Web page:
While its display technology is probably sufficient to handle the job, the iPad's utility for primary interpretation in radiology remains limited by visual, ergonomic, technical, and regulatory hurdles, according to Kamran Shah, MD.
"Where the potential lies in terms of existing technologies and applications [includes] [electronic medical record (EMR)] dashboards, patient interaction and consent forms, education, and as an adjunct for PACS workstations," Shah said.
Shah discussed the prospects for the iPad in radiology during a scientific session at the 2010 RSNA meeting in Chicago.
A lot to offer
At first glance, the iPad's hardware has a lot to offer. It's about one-third the weight of the average thin laptop and about three times the weight of Amazon's Kindle e-reader.
"And it's a whole lot lighter than a 40-lb PACS [display]," he said. "So it's definitely portable."
The iPad's 9.7-inch backlit display employs white LEDs in lieu of cold cathode fluorescent lamps; this provides a higher contrast ratio and increased light output compared to nonwhite LEDs, Shah said. And the LEDs are deployed in an edge-lit configuration, which facilitates a thickness of only 0.5 inches.
It also utilizes in-plane switching technology, which offers benefits such as wider viewing angles and improved color reproduction. Though it doesn't have the retina display featured on the iPhone 4, the iPad provides a resolution of 1024 x 768 pixels. That's sufficient for two frames of 512 x 512 CT or ultrasound images, Shah said.
The iPad display yields a pixel density of 132 pixels per inch, which approaches the pixel density found on 5-megapixel displays, Shah said. It also provides a resolution of 2.6 line pairs per millimeter, which meets the American College of Radiology's (ACR) display recommendation.
It has a display luminance of 300 cd/m2, which is similar to what is found on 24-inch PACS monitors.
"If you turn this up to, say, 100% max brightness and hold it in your hand, a 9.7-inch display that you're going to hold a few inches from your face is incredibly bright," he said. "This is a very bright device. Its contrast ratio is on par with what we're seeing with monitors that are being used in diagnostic applications."
Under the hood
The iPad is powered by the proprietary A4 System-on-a-Chip, which combines central processing unit (CPU), graphics processing unit (GPU), and hardware controllers. The fully autonomous GPU can render 720p video and do it in parallel with CPU tasks, Shah said.
Speed is not a high point for the iPad, however. Tests have shown that the iPad is orders of magnitude slower than a PACS workstation, Shah said.
"The iPad is anemic when compared to a PACS," he said. "This is a mobile-class processor, it's not a desktop-class processor. So it's important to recognize that."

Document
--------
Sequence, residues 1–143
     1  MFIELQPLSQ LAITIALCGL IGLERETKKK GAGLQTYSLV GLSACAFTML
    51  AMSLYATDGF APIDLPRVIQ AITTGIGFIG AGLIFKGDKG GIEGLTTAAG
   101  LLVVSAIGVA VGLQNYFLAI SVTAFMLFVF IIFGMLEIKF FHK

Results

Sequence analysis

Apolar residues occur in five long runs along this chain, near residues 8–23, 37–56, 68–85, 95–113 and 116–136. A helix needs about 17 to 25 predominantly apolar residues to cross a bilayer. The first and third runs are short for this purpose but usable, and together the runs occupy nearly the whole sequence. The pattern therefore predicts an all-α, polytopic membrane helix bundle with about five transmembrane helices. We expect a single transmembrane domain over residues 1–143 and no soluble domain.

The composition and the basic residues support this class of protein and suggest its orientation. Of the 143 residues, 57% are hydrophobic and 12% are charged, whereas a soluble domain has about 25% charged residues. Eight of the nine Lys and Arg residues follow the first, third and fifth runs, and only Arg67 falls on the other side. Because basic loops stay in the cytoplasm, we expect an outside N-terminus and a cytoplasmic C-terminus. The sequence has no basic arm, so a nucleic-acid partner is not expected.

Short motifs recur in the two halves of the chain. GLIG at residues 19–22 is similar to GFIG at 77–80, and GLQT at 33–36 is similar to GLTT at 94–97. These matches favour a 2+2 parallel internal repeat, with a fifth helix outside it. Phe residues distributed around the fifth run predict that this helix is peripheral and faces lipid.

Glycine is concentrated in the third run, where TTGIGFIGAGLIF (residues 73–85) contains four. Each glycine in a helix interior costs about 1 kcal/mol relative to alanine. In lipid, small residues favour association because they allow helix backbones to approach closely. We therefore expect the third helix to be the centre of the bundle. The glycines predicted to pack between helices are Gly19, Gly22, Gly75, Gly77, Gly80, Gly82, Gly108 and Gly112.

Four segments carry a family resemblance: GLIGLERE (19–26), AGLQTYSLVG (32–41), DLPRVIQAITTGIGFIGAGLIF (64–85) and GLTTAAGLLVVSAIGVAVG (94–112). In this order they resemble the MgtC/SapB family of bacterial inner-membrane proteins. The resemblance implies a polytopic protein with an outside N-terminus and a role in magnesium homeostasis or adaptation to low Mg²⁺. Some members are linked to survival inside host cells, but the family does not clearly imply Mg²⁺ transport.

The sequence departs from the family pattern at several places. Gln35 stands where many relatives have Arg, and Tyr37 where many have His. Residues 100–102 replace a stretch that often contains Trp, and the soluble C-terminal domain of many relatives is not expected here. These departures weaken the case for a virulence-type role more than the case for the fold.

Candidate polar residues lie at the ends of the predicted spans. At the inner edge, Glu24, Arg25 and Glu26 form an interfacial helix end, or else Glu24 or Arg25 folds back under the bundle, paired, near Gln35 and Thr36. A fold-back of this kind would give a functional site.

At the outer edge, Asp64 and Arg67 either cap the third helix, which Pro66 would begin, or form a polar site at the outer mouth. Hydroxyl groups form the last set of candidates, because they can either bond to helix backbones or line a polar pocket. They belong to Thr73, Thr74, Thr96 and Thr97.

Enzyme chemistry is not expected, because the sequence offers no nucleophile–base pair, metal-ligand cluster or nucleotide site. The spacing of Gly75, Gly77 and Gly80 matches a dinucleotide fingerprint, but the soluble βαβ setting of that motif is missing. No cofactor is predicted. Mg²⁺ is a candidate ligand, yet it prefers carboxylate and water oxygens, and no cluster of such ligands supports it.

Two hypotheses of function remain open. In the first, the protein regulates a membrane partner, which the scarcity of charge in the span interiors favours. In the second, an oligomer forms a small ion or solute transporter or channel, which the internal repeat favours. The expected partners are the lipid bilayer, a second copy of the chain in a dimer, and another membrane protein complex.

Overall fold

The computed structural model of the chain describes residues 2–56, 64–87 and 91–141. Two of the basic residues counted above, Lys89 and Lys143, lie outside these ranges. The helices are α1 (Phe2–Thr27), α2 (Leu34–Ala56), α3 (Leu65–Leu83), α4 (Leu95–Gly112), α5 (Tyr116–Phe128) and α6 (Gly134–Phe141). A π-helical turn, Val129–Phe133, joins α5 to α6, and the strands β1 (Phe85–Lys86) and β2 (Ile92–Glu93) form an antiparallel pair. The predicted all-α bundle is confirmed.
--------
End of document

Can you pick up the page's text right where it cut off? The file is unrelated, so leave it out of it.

Data connectivity is provided via 802.11n Wi-Fi, 3G capability, and Bluetooth 2.1. Memory is nonupgradeable and nonremovable, Shah said.
The iPad runs on a heavily modified version of the iPhone operating system. Multitasking was only recently added in late 2010.
"Applications will have to be rewritten to take advantage of the multitasking -- to, for example, enable DICOM viewing, speech recognition, and EMR right at the same time," he said.
As for security, the iPad offers integration with enterprise security standards and supports Microsoft Exchange ActiveSync policies. Local data are encrypted, and both local and remote data wipe is supported in case the device falls into the wrong hands, Shah said.
There are many DICOM visualization applications being developed for the iPad, all of which are going to require server-side rendering given the iPad's mobile-class processor, Shah said.
Another hurdle for diagnostic use will be the iPad's 9.7-inch display, which is going to pose ergonomic challenges if used for any protracted period of time for primary interpretation, he said.
And U.S. Food and Drug Administration (FDA) clearance for these applications remains a difficult road, Shah said.
"No DICOM visualization applications have been FDA 510(k) [cleared]," Shah said. "There have been a couple of mobile patient data applications that have been FDA 510(k) [cleared] for the iPhone and iPad, but none for image interpretation."
The iPad may also find a niche in a number of nondiagnostic image viewing applications, such as having house staff review images and reports while on rounds, Shah said.
Electronic medical record applications are another active area for the iPad, and there are more than 20 such apps in the iTunes App Store.
"The important thing about these applications is that while they do integrate with the enterprise EMR, there's the possibility of really novel integrations of data," he said. "So that you can have customized views for clinicians or for patients, [providing] a specialized dashboard for the individual user."
Clinicians could also use iPad for showing images to patients without being tethered to a PACS workstation, he said.
In addition, the iPad could be used to transform paper-based processes such as patient consent forms and questionnaires. Resident education also represents a promising application for the iPad, allowing users, for example, to interact with images while reading actual presentations, Shah said.
The iPad could also be used as an interface device, replacing other devices that are prone to failure with a multitouch device that's easier to use and less prone to fail, he said. It could be used for controlling a PACS or even for controlling an imaging modality.
"Multitouch capabilities are built into Windows 7, so it's not a huge step to imagine that this could happen," Shah said.
The iPad could be also used as inspiration for next-generation interfaces, he said.
"The whole concept of what the iPad has done for [user interface] design can be dramatic," he said.
By Erik L. Ridley
AuntMinnie.com staff writer
January 17, 2011
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